Most child road accidents occur in urban areas, however, DfT is also concerned about the safety of children in rural areas. A literature review is being undertaken to draw together knowledge on the risks children face when travelling in rural areas and identify good practice in remedial measures i.e. what works, and what does not including engineering, education and enforcement measures.
This research project has the following objectives:
- To provide a critical review of research and literature on child road safety in rural areas. It is intended that this will provide a valuable reference source in formulating future policy and research decisions;
- To quantify the trends in child safety on rural roads and identify high-risk groups;
- To identify policies that have or may have an impact on child road safety in rural areas and assess any evaluations undertaken;
- To identify any gaps in existing knowledge and research.
To achieve the research objectives, the following methodology was applied:
- A review of published literature on the rural road safety of children aged under fifteen over the past fifteen years;
- Secondary statistical analysis of Stats 19 data (police road accident records) and exposure data from the European Child Pedestrian Exposure and Accident Survey undertaken for the DfT by MVA and the Institute for Transport Studies at the University of Leeds;
- Consultation with local authorities to identify policy and practice on road safety applicable to children in rural areas.
A total of nine interviews were undertaken with Road Safety Officers and other relevant personnel in County or Regional authorities with a substantial rural area.
This project presents the findings of a literature review, consultations with a number of local authorities and secondary analysis of data. It found that there is limited literature focusing on road safety interventions for children living in rural areas and that assessment of the issues is confounded by differing definitions of 'rural' and 'children' in statistics.
Analysis of police accident statistics indicates that there were considerably fewer accidents to children in non-built up areas compared with built up areas and that the majority of child casualties in non built-up areas were car passengers. Perhaps the latter is largely due to greater car dependency. There was little difference in the accident rate amongst children in the front and rear seats of vehicles. Pedestrian and cyclist casualties were much fewer by comparison and there was less exposure to busy roads amongst children in rural areas compared to their urban peers. Danger spots for child pedestrians and cyclists in non-built up areas are T, Y or staggered junctions, and there is an apparent tendency for children to walk along the carriageway with their backs to the traffic, which is hazardous in high-speed traffic.
Child pedal cyclists appear to be at some risk near driveways. Accidents in rural areas tend to be fewer and more scattered making remedial interventions difficult.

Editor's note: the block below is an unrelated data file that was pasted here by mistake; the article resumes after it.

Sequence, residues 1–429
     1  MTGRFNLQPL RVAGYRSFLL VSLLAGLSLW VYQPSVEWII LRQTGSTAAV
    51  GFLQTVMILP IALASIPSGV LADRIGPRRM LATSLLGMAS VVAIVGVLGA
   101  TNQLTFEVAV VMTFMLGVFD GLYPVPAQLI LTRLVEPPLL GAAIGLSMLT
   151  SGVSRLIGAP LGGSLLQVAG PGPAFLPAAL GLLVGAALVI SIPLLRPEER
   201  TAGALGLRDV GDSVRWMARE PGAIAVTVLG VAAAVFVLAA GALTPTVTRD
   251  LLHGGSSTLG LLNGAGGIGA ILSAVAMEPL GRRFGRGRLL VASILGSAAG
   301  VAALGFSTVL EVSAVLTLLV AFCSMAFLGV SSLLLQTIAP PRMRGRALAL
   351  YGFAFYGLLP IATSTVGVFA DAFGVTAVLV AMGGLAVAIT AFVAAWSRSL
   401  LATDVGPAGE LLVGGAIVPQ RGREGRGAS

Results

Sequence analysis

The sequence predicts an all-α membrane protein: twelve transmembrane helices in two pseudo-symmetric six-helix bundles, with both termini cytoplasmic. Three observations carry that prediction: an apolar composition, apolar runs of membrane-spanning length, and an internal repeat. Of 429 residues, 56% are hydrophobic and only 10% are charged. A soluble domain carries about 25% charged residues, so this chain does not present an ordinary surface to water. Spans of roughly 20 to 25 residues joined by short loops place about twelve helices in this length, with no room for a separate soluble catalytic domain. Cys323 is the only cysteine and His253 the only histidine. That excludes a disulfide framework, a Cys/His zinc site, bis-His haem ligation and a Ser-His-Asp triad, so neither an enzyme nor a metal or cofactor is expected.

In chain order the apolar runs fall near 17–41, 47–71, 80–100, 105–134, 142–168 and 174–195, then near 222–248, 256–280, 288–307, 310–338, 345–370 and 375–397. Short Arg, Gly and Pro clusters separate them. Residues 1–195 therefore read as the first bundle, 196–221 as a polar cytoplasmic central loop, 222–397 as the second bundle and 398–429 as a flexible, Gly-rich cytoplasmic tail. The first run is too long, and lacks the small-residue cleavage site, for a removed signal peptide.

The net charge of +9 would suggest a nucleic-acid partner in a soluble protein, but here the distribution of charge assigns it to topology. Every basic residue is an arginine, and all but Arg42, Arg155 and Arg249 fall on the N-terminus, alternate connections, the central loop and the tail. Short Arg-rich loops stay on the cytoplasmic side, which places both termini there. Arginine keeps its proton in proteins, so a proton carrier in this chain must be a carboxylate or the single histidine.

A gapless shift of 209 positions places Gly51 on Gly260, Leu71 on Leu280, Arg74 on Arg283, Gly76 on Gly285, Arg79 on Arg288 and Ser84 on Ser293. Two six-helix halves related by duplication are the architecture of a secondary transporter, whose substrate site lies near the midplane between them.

Although the literature on child safety on rural roads is sparse and indirect it does flag up a number of issues that point to potential interventions and further research requirements:
- Geo-demographic analyses of those involved in accidents in rural areas may give a clearer picture of the target audience for interventions. Postcode data is available on Stats 19 and ways of using this to identify target groups could be explored. A clear and consistent definition of rural using postcode data will be necessary in such analyses and valuable in developing appropriate interventions.
- It is likely that the lack of evidence on the safety of children in rural areas will only be resolved by in-depth research which profiles the relative risk of children as car occupants, cyclists and pedestrians in terms of their exposure to risk in the environment and the socio-economic factors which influence this risk. Further research is needed to examine driver behaviour with child passengers and child restraint use. Interventions that focus on the behaviour of the driver, especially with regard to speed and alcohol use may be particularly important.
- It is not known how important socio-economic factors are in the road accident risk of children in rural areas. Whilst there is widespread poverty in rural areas there is also high car ownership and lower traffic density which may mean that even children from poor families may be more protected from risk than their urban counterparts i.e. they travel less frequently as vulnerable road users. Further research is required to examine the interrelationships between these factors.
- There is considerable scope for the evaluation of policy and engineering, education and enforcement interventions that are in place, some at a local level including Safe Routes to School, comparing where appropriate the impact on children in urban and rural situations. This would provide clear evidence of appropriate strategies to assist future policy formulation.
No results directly relevant to this theme. However, please note that some findings relevant to the project's key theme (Safety and Security)